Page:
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Operation weight loss – the increase in bariatric surgery in one Welsh health board

27 Dec 2023 6 minute read
Bariatric surgery

Richard Youle

Almost two people a week went under the knife in Swansea last year to treat what one of the surgeons described as a 21st Century disease – obesity.

Bariatric surgeons like Jonathan Barry operated on 103 patients in 2022-23 – removing part of their stomach so they could not eat as much as before, placing a band round it so they didn’t need to eat as much to feel full, or joining the top part of the stomach to the small intestine so they felt fuller sooner and didn’t absorb as many calories from food.

A very small proportion of the 103 procedures, which took place at Singleton and Morriston hospitals, were to deal with a post-surgical leak or inspect the work that had been carried out.

The cost of the treatments, including in-patient care, was just over £867,000.

In comparison 25 obese patients were operated on by Swansea Bay University Health Board the previous year, although Covid was causing significant disruption. In 2019-20, the year before the coronavirus struck, 59 obese patients underwent operations. The figures were in response to a Freedom of Information request by the Local Democracy Reporting Service.

Gastric banding

Professor Barry said the operations worked and that the outcomes were generally very good, although he said he didn’t carry out gastric banding any more.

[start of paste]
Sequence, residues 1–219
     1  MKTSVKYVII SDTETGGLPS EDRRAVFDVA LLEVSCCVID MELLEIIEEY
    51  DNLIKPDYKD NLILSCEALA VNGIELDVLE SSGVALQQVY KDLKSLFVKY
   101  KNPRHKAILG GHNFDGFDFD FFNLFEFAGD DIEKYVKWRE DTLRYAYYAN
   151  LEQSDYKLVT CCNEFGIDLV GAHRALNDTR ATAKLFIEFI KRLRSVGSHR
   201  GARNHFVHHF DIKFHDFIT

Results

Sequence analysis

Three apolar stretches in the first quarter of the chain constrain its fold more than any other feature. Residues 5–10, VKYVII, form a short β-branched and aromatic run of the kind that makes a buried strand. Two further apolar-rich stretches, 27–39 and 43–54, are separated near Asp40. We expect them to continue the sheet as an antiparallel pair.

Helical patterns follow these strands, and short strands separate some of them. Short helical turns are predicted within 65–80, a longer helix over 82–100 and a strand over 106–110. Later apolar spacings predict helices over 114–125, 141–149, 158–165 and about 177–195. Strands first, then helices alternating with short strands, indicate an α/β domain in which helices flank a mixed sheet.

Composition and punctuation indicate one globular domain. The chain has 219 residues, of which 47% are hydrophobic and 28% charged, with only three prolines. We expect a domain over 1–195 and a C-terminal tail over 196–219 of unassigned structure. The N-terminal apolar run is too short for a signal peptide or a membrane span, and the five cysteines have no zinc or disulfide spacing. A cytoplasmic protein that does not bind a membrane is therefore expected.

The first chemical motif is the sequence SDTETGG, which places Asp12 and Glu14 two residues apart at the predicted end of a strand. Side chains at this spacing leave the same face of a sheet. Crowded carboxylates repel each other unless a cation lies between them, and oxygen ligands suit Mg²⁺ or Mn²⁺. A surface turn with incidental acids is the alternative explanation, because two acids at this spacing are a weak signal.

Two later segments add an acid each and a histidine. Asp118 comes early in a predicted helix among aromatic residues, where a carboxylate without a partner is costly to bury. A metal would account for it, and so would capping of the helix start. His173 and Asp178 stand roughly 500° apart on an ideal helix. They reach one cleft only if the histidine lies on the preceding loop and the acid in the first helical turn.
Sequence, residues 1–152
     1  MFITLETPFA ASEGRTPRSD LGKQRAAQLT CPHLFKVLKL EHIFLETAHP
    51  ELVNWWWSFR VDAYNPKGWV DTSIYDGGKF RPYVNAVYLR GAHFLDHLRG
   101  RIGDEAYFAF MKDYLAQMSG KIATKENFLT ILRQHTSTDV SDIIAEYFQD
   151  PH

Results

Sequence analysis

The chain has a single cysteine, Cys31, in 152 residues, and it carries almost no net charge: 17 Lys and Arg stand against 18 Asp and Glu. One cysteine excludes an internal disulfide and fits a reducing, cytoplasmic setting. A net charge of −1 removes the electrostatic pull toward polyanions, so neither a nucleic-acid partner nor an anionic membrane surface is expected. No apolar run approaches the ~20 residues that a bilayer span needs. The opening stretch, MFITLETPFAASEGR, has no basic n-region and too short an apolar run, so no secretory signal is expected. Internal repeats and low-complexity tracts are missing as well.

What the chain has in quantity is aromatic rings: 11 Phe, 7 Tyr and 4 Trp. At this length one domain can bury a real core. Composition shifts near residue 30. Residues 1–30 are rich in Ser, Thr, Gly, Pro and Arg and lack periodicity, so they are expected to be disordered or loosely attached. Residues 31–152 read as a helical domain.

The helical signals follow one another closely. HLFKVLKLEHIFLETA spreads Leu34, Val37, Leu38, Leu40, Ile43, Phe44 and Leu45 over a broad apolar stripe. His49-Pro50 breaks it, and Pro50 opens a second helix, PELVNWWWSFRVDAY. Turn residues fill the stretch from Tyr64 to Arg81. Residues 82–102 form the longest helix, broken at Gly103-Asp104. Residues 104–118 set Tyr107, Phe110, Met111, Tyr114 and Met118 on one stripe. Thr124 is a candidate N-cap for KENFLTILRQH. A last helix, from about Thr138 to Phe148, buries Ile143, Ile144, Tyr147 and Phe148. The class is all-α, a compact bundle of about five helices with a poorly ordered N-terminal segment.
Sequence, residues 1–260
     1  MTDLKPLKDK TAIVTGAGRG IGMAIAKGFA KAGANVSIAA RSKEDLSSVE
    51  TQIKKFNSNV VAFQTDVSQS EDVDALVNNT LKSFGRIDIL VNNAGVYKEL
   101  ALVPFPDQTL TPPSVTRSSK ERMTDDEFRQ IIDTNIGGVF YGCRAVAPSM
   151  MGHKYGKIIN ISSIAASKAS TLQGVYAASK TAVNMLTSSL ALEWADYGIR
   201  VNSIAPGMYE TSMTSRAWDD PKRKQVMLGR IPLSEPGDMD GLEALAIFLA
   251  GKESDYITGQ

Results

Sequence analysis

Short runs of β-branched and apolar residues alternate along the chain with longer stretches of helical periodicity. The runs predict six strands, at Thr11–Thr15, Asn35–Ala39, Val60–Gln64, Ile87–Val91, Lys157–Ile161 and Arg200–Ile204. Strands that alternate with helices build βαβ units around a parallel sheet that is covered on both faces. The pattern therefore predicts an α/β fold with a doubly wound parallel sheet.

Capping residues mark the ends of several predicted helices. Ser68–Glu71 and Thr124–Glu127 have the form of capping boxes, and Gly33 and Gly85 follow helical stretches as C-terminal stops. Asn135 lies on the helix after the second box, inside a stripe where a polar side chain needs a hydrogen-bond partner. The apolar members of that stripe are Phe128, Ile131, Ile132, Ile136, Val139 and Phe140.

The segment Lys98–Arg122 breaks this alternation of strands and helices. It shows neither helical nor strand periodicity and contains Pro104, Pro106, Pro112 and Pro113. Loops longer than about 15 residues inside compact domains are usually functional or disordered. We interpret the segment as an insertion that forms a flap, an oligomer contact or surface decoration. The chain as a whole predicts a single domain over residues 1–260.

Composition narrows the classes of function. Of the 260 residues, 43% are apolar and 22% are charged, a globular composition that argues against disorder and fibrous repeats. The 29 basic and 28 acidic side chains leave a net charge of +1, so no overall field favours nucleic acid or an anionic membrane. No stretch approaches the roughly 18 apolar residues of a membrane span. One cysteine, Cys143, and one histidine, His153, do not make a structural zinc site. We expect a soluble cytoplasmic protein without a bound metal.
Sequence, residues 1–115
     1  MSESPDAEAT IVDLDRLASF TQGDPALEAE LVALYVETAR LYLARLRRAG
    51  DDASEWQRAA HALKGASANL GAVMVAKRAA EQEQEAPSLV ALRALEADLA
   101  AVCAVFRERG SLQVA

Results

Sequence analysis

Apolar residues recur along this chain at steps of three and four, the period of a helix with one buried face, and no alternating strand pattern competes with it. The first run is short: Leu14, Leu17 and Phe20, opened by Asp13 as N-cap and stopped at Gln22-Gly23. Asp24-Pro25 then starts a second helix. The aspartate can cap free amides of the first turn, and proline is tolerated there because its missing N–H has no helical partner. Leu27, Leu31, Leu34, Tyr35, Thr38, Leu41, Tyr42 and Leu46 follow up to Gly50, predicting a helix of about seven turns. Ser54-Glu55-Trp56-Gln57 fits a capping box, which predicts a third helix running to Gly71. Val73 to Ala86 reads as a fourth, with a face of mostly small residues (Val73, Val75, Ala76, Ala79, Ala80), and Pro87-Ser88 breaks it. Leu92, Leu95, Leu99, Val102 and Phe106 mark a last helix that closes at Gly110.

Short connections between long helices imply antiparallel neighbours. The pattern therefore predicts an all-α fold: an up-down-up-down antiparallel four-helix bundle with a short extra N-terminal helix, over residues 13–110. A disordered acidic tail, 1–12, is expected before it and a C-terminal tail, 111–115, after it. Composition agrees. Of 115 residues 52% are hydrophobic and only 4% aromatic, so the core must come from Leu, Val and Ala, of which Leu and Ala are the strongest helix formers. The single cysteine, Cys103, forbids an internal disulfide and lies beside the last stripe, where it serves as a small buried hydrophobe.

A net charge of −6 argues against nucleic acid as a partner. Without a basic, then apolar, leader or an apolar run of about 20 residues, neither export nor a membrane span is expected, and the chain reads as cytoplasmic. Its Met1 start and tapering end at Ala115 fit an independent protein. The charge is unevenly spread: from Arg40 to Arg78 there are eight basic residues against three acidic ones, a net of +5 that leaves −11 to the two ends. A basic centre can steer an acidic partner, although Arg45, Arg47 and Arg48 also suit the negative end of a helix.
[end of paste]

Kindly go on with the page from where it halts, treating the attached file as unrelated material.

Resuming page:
“The following morning patients feel fine, they’re up and around and blood sugar levels are normal,” he said.

After six weeks, he said, many were no longer on medication. “But these are not reversible operations – they’re not just done on a whim,” he said.

The NHS website lists a number of small risks associated with weight loss surgery, from needing vitamin and mineral supplements, being left with excess folds of skin, and developing a blood clot in the leg or lung.

Prof Barry said bariatric surgery was in his view safer than gallbladder surgery and that the main risk was an internal leak.

He said patients who underwent surgery had to commit to lifestyle changes. After a while many were referred back down a level to specialist weight management clinics. “My role as a surgeon is a very small part of the process,” he said.

Prof Barry conceded that around 10% of patients would put on weight again but said that in the main the results were good.

While the outward signs of being extremely overweight might be obvious, what’s goes on inside the body isn’t. Prof Barry said there were 240 conditions linked to morbid obesity, including cardiovascular disease, depression, Type 2 diabetes, hypertension, arthritis, obstructive sleep apnoea and high blood pressure.

“Type 2 diabetes is a cruel disease,” he said. “It restricts your small blood vessels and you can go blind, lose legs and develop renal disease.”

He added: “Some cancers are weaponised by being obese.”


Prof Barry qualified as a surgeon in 1996 and operated on cancer patients before switching to bariatric surgery. The 52-year-old’s career has dovetailed with a rise in the proportion of overweight and obese people in Wales and elsewhere. A Welsh Government survey last year found that 62% of the population in Wales was overweight, including a 25% obese cohort.

“The figures are quite staggering,” said Prof Barry, referring to obesity and Type 2 diabetes levels.

“I call it (obesity) a disease of the 21st Century,” he said. “Our genetic make-up has not changed for thousands of years, but we live in a society that lends itself to people becoming obese.”